2. Fredrik Gronkvist at 10:31 am

        Hi Raj,

        That depends entirely on what kind of documents you have received from the supplier in the first place (and whether those documents can be “connected” to your product/SKU)

    4. Steph at 8:06 pm

      HI Fredrik,
      Fabulous informative site well done. I am importing clothing ( adult leggings/hoodies/baseball hats) & And Accessories ( water bottles) Do I need a CE mark on the products ( I can not see that I do) I have asked the manufacturer if they are CE compliant but they don’t seem to know what I am asking about and say none of their other EU customers have asked for this.. Do I need a CE mark and if so under what directive?
      many thanks

      1. Fredrik Gronkvist at 10:16 am

        Hi Steph,

        Not for clothing (unless it’s protective gear)

    5. Enrico at 10:02 pm

      What about importing a medical device (supposing it is correctly CE marked) from China by the final user private customer (for professional use)?

      1. Fredrik Gronkvist at 3:25 pm

        Hi Enrico,

        I think the same requirements still apply

    6. Vasvija at 2:14 pm

      Hi Fredrik !
      We are negotiating with few partners from China about importing high end type & socket.
      We ask for EC Declaration but they sent us Certficate of Conformity , saying that it is the same as EC Declaration. I m afraid that our goods could stuck on customs.
      We are really having problem in communication for this documents :(((

      1. Fredrik Gronkvist at 1:55 pm

        Hello Vasvija,

        In the article, it is explained that the DoC alone is not sufficient. It must be supported by other documents, such as a test report and technical file.

        It is common that manufacturers in China provide these “Certificate of Conformity” documents that don’t have any actual value. You will never find a supplier that will provide you as an importer with all CE documentation.

    7. James at 5:17 pm

      Hi Fredrick,
      I have a question. I, based in China, purchased purifier also from a manufacturer in China. They have a CE , but my client in EU want a CE under my company name (not manufacturer’s), so i will apply a new one. Do you know if it’s mandatory the manufacturer’s name& infor will still be listed in the CE certification? Actually my client doesn’t want the manufacturer be visible, any suggestions?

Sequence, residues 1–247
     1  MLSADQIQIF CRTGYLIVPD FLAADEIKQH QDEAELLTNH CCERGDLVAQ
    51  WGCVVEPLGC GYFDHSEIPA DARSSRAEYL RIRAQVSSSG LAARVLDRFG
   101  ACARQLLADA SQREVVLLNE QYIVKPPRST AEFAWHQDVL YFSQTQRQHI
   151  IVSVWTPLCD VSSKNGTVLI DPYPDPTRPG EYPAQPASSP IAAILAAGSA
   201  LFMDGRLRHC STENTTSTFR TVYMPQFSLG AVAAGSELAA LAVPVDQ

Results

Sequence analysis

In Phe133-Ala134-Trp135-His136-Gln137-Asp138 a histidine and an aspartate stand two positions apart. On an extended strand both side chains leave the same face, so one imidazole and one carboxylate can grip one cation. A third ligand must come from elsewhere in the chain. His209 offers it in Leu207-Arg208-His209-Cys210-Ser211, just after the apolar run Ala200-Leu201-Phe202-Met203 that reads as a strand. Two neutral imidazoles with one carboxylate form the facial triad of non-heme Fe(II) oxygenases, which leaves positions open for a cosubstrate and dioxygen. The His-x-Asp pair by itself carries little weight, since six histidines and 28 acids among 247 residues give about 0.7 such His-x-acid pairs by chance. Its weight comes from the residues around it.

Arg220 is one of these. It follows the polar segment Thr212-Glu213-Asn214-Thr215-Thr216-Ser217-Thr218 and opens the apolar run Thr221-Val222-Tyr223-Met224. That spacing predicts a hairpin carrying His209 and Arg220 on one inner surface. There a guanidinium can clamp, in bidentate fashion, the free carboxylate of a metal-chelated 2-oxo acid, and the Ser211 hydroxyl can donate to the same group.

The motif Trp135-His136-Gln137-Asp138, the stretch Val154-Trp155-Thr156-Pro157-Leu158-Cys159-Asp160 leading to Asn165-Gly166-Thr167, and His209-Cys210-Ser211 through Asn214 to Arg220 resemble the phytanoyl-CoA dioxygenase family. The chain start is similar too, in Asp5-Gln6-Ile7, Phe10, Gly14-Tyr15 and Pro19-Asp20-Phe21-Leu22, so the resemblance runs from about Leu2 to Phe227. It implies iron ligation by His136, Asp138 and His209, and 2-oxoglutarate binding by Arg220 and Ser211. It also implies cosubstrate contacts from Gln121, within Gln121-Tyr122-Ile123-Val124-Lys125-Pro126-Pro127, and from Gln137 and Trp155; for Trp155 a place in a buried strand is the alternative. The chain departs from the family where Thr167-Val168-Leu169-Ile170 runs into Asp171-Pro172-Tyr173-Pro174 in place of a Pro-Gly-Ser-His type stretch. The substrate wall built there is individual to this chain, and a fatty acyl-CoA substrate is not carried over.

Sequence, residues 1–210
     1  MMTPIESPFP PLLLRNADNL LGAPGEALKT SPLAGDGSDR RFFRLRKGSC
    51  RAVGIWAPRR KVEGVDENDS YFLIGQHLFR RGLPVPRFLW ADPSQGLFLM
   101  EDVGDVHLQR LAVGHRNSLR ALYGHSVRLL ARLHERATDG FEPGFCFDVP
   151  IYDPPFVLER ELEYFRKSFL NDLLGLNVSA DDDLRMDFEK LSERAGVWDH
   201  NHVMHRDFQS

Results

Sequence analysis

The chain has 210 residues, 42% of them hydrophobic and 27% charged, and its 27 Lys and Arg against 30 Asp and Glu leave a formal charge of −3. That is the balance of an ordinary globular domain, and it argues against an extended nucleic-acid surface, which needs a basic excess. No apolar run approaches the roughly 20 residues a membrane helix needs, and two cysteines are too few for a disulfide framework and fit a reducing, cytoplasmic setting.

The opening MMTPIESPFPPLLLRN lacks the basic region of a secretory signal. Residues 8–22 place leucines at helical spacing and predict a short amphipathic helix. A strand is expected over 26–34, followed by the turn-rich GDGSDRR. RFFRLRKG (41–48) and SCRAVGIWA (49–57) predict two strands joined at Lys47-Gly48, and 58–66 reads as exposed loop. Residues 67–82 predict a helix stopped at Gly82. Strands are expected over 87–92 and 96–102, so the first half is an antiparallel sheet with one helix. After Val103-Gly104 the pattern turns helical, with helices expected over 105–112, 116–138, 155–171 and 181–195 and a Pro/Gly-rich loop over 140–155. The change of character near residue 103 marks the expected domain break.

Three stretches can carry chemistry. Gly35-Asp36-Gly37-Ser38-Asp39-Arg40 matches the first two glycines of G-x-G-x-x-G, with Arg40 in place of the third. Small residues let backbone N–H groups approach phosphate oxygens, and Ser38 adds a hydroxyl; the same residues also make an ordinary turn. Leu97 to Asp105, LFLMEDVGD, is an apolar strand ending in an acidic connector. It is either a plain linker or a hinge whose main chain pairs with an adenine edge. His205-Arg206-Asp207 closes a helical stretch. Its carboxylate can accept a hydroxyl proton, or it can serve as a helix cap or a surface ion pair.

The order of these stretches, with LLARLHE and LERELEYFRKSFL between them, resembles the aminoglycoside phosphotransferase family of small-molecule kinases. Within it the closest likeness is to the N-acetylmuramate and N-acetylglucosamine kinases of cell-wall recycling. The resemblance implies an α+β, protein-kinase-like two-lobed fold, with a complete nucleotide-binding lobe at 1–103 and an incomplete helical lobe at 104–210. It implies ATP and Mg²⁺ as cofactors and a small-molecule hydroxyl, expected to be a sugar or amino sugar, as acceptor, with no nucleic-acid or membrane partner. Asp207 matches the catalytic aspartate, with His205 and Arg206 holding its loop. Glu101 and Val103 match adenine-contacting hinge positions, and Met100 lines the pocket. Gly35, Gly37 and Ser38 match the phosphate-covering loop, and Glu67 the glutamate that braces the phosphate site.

Thank you.

      1. Fredrik Gronkvist at 1:08 pm

        Hi James,

        What kind of “CE application” are you trying to do? In most cases you don’t apply for a “CE certificate” but self-issue the DoC and then arrange third-party lab testing to verify compliance.

        1. James at 2:27 pm

          Hi Fredrik,
          It’s the process to get a CE marking as an alternative, same as manufacturer’s, in order to get approval by EU when selling over there since manufacturer’s CE won’t be submitted. Manufacturer says they can ask their 3rd party testing lab issues a copy of their original certification, but still with their information.

          1. Fredrik Gronkvist at 11:02 am

            Hi James,

            What they will most likely send you is a “Certificate of Conformity” without any lab test report as supporting documentation.

            You cannot use their “CE certificate”. They need to provide a complete set of CE documents, including DoC, test reports, user manual, and technical file.

    8. Aaron at 8:10 am

      Hello Fredrik,

      Does a passive antenna imported from China require RoHS or any other CE documentation?

      Many suppliers state that passive antenna does not require CE marking.

      Thank you.


      1. Fredrik Gronkvist at 11:08 am

        Hi Aaron,

        I suggest you ask a company like Intertek or TUV. I don’t think most suppliers are qualified to make this assessment.

        At the very least I think RoHS is applicable, in which case CE marking also applies.

        1. Aaron at 9:57 am

          Thank you so much Fredrik.

          I also think RoHS is applicable in this case. In fact, RoHS certification is required for materials, such as tin, used in electrical and electronic soldering.

          I have to admit that it is very hard to deal with most of the Chinese companies. Many sale representatives are only interested in selling their goods and don’t care at all if the importers get into any troubles with Customs. Regarding this matter I have found arrogant pseudo sales directors who barely where able to properly write in English. Language is another big issue with Chinese manufacturers.

          Your services and expertise are unvaluable. I will recommend you to my customers.


          1. Fredrik Gronkvist at 9:07 am

            Hello Aaron,

            Yes, communication can be a serious bottleneck. Further, very few manufacturers have any meaningful expertise when it comes to compliance requirements in the EU (or anywhere else for that matter).

            Thank you!

    9. alberto at 9:38 pm

      I’m in contact with a chinese supplier that want to mark CE his product (equipment) to sell to me as his distributor for Europe.
      Is there any Chinese company that could support him to fullfill all the needs to mark his produc CE?

      1. Fredrik Gronkvist at 9:52 am

        Hi Alberto,